If you or someone you know is experiencing a mental health, suicide or substance use crisis or emotional distress, reach out 24/7 to the 988 Suicide and Crisis Lifeline (formerly known as the National Suicide Prevention Lifeline) by dialing or texting 988 or using chat services at suicidepreventionlifeline.org to connect to a trained crisis counselor. You can also get crisis text support via the Crisis Text Line by texting NAMI to 741741.
As I was entering medical school, I found out that my mother had made a postpartum suicide attempt. I did not find out from her; it was shared with me in hushed tones by another family member who thought I should know, “now that I was going to be a doctor.” I was quite surprised by this information. And it made me sad to think that this wasn’t a topic she felt she could openly discuss.
Suicide is a challenging issue for all of us. Secrecy surrounds the topic, with shame as a common co-traveler. That’s why it’s an honor for me to be a small part of NAMI’s movement to make seeking help and support more acceptable. I’ve met many resilient people in the NAMI community who have overcome suicidal thoughts or actions. Often because there was a person who stood by them during a crisis or a new treatment approach that made a difference in their life. Some found sobriety for a co-occurring substance use disorder. Others found clozapine or lithium, which have been shown to reduce suicidal thinking. Some learned coping skills through a psychotherapy like cognitive behavioral therapy or dialectical behavioral therapy. Many found relief in the community of NAMI. Regardless of how, their suicidal thoughts or actions were talked about and changed.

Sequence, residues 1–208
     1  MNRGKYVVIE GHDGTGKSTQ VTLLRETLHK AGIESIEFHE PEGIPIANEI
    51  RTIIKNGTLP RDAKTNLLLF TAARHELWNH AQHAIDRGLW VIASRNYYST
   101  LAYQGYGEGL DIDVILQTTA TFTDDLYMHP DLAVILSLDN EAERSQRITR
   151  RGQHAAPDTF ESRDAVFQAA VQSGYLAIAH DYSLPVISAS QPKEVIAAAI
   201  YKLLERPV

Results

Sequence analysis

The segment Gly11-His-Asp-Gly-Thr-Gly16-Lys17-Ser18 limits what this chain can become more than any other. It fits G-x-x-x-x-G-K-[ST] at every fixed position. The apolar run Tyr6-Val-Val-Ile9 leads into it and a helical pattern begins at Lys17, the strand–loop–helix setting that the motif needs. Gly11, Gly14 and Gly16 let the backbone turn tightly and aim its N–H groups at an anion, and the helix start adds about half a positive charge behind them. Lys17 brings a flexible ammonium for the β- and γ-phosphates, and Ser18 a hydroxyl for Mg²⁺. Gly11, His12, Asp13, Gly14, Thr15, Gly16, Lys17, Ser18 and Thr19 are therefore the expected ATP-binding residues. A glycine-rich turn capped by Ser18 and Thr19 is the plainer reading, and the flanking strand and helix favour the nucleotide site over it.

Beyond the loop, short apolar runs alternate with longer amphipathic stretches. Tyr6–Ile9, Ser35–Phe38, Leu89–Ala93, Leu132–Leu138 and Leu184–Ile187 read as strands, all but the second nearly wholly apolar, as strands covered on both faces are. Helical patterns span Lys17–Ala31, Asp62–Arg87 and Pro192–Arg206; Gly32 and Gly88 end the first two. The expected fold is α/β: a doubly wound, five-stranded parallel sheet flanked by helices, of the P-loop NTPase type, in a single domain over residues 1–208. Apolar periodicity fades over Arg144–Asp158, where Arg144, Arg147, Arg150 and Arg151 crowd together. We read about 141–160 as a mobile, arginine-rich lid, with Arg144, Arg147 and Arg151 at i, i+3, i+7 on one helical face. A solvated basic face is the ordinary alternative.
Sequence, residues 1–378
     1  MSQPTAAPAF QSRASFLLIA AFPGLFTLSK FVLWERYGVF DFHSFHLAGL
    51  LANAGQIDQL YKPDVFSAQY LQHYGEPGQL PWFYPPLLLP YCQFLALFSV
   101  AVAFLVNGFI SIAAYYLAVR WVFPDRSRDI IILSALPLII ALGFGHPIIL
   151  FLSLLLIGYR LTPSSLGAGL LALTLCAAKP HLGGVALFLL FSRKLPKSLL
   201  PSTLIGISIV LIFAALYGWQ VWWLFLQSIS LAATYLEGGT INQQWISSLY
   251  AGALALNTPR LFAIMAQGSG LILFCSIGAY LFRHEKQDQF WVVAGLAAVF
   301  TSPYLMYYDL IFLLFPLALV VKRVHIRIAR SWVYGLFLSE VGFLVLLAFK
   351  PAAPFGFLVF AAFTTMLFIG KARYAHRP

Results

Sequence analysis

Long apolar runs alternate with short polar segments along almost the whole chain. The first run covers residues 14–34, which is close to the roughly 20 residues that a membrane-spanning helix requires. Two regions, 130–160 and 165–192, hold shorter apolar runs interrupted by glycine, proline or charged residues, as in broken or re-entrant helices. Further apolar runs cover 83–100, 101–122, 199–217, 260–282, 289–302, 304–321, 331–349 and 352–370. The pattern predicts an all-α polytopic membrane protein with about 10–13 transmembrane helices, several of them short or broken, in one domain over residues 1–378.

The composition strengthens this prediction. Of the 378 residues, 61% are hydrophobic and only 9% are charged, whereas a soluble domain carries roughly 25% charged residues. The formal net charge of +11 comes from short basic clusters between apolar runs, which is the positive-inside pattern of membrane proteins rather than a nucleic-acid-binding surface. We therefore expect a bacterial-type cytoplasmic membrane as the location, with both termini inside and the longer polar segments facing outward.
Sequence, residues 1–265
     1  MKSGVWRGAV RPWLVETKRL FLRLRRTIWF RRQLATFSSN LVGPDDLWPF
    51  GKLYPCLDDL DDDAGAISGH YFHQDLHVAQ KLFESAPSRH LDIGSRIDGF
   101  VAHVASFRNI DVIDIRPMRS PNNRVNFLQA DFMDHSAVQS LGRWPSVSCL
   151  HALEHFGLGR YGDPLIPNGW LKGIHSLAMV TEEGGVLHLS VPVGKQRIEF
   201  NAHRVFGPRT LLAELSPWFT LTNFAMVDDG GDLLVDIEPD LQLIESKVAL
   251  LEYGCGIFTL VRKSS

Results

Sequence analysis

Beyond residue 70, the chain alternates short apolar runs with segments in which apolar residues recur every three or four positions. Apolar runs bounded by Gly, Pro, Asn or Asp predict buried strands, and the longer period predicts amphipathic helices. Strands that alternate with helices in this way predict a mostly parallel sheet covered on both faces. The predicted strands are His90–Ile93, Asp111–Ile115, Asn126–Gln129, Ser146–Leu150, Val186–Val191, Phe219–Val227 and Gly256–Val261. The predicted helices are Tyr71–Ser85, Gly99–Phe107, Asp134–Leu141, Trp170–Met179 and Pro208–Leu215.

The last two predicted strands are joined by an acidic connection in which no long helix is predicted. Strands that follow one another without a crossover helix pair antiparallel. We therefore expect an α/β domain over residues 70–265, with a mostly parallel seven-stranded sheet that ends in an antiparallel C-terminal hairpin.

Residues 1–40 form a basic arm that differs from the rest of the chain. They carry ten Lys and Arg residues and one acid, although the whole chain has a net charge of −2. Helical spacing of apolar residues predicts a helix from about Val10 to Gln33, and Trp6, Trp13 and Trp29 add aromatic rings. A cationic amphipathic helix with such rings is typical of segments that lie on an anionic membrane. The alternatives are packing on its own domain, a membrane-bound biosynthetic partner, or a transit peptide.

My field sorely needs similar conversation and change. Doctors also have high rates of suicide and it’s a major issue that some of the doctors we turn to for care are often not taking care of themselves. We need to teach help-seeking behaviors in the medical and psychiatric fields. Doctors need the same support and encouragement to get help as their patients.
I lost a patient to suicide early in my psychiatric residency. This was a person with many strengths, who was also in tremendous psychological pain. I worried about him during off-hours and felt powerless to help at times. After I learned of his tragic outcome, I was upset, slept poorly and struggled at work for months. I was worried I had said the wrong thing or had failed in some way as an inexperienced psychiatrist. I seriously considered leaving the field and entering another specialty. I was lucky to receive support and empathy from my colleagues and supervisors as they encouraged me to seek therapy. I did my best to carry on, but I never forgot about this patient and his suffering.
Last year, at an American Psychiatric Association (APA) event, I was impressed that even doctors are wondering if they worry, struggle and stress too much. APA president Anita Everett reviewed the stresses that commonly consume doctors and announced that psychiatric wellness would be a core feature of her leadership. Dr. Everett’s thoughtfulness and openness on the stresses doctors face and her emphasis on help-seeking was powerful; her efforts have started many overdue conversations across the entire field of medicine. Unfortunately, the same shame that led to the secrecy around my mother’s postpartum suicide attempt is alive and well in the medical field.
Doctors don’t have all the answers for stress, mental illness and suicide—our most challenging aspects of being human. Medical culture needs to continually evolve and learn from the remarkable and resilient people like those I have met at NAMI. Facing your mental health challenges head-on and working to get help with a supportive community behind you is a key piece of NAMI culture. It’s a culture we can all learn from.
Ken Duckworth is medical director at NAMI.
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